Due to the popularity of the “ban the box” (BTB) laws, we have decided to analyze if the philosophy behind the movement is actually working, and if applicants with a past criminal history are actually being employed. The “ban the box” laws are alive and breathing in over 150 cities and counties, spreading across 28 states. In part, the “ban the box” laws seek to remove barriers to employment by eliminating the box on the application inquiring about previous criminal activity.

In June 2016, a study was conducted by economists Amanda Agan and Sonja Starr to review the callback rates of employers to job applicants of different racial backgrounds in New Jersey and New York City before and after the “ban the box” laws. Agan and Starr sent out 15,000 fictitious online employment applications in those areas with racially stereotypical names on the applications. Prior to the “ban the box” laws in New Jersey and New York City, the gap in the callback rate for job applicants who were Caucasian was 7% more than the callback rate for African-American applicants. After the “ban the box” laws were passed, the callback rate for Caucasian job applicants had jumped up to 45%.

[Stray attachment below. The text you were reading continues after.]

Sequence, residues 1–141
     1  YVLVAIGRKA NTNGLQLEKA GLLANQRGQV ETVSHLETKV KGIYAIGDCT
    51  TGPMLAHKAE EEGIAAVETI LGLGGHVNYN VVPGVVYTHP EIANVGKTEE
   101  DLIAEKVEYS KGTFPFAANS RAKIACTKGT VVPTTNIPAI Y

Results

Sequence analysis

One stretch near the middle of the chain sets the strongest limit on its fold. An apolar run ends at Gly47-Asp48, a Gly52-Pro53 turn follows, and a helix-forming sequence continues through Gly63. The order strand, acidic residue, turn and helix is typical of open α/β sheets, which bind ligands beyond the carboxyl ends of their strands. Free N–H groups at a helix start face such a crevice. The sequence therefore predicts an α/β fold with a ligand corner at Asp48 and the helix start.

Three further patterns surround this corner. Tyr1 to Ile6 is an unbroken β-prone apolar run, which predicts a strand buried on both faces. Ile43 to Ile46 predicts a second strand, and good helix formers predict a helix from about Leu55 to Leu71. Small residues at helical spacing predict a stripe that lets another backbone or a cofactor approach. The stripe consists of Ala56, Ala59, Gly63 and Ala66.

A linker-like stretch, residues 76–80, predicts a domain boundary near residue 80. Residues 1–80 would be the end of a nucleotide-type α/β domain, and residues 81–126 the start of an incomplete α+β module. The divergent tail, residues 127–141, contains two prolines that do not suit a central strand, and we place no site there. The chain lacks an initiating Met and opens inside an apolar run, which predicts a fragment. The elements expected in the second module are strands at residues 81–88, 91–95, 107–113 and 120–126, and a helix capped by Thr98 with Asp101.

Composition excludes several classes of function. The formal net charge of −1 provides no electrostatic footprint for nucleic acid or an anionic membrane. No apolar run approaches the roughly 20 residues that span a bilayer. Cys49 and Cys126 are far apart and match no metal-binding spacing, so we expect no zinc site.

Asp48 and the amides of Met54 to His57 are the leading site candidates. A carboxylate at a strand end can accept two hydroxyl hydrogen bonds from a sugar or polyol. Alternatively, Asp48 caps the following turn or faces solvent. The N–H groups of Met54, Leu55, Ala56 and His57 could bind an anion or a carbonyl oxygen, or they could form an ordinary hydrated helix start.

Another study conducted by the National Bureau of Economic Research (NBER) observed a sharp decline in the employment opportunity for young, non-college educated minorities in areas where “ban the box” laws were passed. The NBER’s study explained that their goal was to “improve employment outcomes for those with criminal records, with a secondary goal of reducing racial disparities in employment.” They later learned that withholding job applicants’ criminal history information would result in subjecting employers to playing a guessing game of which applicants were ex-offenders and which were not. This ultimately worsened employment opportunities for disadvantaged groups.

The results of both surveys proved for the current “ban the box” laws to hinder employment outcomes for minorities with a criminal past more than they assisted them in gaining jobs.